“All Glory, Laud and Honor” arr. J.S.Bach (1685-1750) [ORGAN]
PFC Jacob Allen USMC, Tuba
“Immortal, Invisible, God only Wise”
The original Latin words to “All Glory, Laud and Honor” were written by Theodulph of Orleans (760-821). Theodulph was born into the Italian nobility, but decided on a life of religious service. His first position was as abbot of a monastery in Firenze (Florence), Italy. In 781, Charlemagne appointed him Bishop of Orleans, France. However, his flourishing career came to an abrupt end with Charlemagne’s death. Louis the Pious suspected Theodulph of secret loyalty to political leaders in Italy, the country of his birth. These suspicions led to Theodulph’s imprisonment in Angiers in 818. It was there he wrote “All Glory, Laud and Honor”, and later died there.
We owe the translation of Theodulph’s hymn into English to John Mason Neale (1818-1866). Neale received his education at Cambridge, and although acknowledged the best classicist in his graduating year (at a time when Greek and Latin were highly valued), his inability with mathematics prevented him from taking an honors degree. Neale was ordained in 1841, but his sympathies were for a strongly ‘high church’ approach to Christianity, which was mistaken by both his congregation and bishop as promoting Roman Catholicism. This resulted in him being ’transferred’ to the position of warden at an alms house – a position which he held until his death. Neale was even attacked and mauled at a funeral, and from time to time unruly crowds threatened to stone him or burn his house.
Nevertheless, Neale translated the Eastern liturgies into English, and wrote a mystical and devotional commentary on the Psalms. He also enriched English hymnody with many ancient and medieval hymns translated from Latin and Greek, including “O Come, O Come Emmanuel” and “Of the Father’s Love Begotten”. And in 1854 Neale co-founded the Society of Saint Margaret, an order of women in the Church of England dedicated to nursing the sick.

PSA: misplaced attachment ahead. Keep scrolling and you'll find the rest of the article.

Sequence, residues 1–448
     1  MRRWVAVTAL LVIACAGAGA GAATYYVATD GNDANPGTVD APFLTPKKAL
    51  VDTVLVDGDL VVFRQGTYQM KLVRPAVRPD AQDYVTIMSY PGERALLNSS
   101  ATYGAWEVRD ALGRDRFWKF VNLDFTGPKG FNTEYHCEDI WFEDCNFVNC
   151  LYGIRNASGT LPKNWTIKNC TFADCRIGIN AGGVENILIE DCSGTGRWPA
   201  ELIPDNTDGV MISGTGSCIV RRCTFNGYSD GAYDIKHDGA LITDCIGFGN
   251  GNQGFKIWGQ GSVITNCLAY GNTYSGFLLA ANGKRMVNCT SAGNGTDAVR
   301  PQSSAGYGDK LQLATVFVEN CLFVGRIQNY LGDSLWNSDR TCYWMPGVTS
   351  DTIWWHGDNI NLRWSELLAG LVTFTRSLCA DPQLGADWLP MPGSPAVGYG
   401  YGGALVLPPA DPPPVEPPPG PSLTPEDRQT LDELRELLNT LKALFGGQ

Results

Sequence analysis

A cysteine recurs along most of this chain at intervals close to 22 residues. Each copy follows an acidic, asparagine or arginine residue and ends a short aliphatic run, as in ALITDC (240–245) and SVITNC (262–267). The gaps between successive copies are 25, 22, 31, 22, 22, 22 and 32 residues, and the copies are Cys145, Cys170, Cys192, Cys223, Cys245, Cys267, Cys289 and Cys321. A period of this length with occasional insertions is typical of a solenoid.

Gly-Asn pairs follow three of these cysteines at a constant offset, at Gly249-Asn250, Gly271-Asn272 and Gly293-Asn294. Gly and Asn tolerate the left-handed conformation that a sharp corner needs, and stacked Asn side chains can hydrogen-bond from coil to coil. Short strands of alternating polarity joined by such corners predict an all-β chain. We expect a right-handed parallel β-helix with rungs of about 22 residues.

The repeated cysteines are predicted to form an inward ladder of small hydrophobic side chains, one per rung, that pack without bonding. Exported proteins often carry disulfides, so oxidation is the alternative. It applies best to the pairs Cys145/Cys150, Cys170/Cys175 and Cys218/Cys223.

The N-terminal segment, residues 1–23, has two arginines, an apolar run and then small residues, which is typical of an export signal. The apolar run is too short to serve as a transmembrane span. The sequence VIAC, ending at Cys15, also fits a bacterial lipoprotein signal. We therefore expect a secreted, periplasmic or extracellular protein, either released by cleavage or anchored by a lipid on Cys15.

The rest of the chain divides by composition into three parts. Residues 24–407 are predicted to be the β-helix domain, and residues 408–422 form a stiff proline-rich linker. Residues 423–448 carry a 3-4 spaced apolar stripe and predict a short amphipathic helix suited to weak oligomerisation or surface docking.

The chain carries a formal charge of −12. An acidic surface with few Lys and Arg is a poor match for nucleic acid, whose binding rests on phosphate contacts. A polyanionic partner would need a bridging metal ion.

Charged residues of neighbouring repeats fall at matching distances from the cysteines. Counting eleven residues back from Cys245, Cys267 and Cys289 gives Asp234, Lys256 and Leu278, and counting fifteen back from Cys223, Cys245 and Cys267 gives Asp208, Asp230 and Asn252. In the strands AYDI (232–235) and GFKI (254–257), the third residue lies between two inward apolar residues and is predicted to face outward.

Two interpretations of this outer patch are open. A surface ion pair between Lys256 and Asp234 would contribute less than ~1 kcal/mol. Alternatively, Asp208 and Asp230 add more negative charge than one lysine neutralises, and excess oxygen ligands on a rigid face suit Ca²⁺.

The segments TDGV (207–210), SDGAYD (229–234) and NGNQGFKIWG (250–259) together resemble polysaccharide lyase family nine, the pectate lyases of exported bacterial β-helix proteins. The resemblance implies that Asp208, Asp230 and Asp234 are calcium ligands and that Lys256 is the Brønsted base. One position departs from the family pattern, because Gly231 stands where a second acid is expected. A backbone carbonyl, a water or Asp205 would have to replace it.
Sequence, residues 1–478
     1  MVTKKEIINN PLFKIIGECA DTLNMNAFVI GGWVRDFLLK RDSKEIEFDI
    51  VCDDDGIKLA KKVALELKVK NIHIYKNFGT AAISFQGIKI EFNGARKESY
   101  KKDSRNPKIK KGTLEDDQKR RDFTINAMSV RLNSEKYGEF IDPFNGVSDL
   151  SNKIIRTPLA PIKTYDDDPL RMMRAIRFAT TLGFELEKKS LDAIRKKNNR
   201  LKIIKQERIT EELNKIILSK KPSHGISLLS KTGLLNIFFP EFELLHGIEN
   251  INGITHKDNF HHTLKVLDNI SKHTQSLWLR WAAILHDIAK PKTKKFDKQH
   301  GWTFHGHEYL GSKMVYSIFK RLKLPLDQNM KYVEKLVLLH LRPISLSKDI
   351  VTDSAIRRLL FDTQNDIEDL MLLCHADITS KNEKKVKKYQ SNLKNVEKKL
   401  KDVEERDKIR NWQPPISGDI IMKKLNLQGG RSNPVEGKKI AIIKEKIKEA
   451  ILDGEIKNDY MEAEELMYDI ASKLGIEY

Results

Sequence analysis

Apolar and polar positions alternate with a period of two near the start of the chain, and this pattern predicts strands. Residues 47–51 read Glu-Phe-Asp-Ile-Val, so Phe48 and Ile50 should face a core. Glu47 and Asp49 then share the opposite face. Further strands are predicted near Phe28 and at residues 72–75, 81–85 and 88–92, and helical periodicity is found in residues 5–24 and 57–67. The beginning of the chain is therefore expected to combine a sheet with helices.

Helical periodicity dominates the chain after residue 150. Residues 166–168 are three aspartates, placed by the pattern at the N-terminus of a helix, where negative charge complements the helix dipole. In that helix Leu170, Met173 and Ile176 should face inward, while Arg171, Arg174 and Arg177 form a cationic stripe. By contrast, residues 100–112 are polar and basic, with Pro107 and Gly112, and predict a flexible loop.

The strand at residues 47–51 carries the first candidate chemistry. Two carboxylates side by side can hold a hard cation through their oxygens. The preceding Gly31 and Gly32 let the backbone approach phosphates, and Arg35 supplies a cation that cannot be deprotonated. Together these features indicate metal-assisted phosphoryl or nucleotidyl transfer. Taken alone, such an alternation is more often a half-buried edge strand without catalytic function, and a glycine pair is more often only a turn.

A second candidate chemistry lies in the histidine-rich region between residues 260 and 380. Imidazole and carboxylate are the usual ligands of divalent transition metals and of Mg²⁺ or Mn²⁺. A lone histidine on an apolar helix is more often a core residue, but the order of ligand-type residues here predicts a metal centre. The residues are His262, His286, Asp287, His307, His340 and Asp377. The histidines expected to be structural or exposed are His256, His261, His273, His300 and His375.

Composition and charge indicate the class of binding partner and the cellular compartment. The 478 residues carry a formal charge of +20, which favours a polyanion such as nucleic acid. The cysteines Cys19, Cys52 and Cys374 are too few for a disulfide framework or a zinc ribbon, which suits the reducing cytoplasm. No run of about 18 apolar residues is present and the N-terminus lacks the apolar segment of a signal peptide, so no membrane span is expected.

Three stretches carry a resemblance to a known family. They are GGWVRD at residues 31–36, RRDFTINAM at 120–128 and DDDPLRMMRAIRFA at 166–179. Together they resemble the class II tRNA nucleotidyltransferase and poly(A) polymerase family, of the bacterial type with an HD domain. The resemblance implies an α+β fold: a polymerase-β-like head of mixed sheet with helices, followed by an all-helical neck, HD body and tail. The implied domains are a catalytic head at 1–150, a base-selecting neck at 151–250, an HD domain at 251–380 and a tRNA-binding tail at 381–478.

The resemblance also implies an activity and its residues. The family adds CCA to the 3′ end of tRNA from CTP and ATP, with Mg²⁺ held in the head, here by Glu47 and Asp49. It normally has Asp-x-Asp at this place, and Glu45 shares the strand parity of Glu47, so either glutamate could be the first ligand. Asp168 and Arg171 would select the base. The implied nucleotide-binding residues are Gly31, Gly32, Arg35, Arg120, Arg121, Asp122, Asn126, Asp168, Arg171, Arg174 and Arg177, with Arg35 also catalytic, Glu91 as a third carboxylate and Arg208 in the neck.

In Bach’s day, the organist was expected to precede each congregational hymn with a `prelude’ based on that hymn. The idea was to set the mood (as opposed to reminding the congregation how the hymn goes). In those days `hymns’ were called `chorales’, so these pieces are still known as `chorale preludes’.
In Bach’s chorale prelude on this hymn, you’ll find the hymn tune stated with majestic slowness in the organ pedals (the bass, played with my feet). In Bach’s day as many as half of the organ pipes were devoted just to the pedal division, which would have made the tune “All Glory, Laud and Honor” positively thunderous (perhaps not a good idea in earthquake-prone Southern California!). Generally speaking pedal pipes are more expensive than the others because they are so large (they have to be large for the same reason that the tuba in the low register is larger than the trumpet in the high). So one way modern organ builders cut costs is to have a weak pedal division (after all, playing the organ pedals with your feet is a dying art anyway). Our organ is blessed with four low pedal stops — more than usual for this size instrument. But that doesn’t much matter, as the hymn tune in the pedal will also be reinforced by PFC Jacob Allen USMC on the tuba, so the hymn tune in the bass will `take no prisoners’! Boo-yah!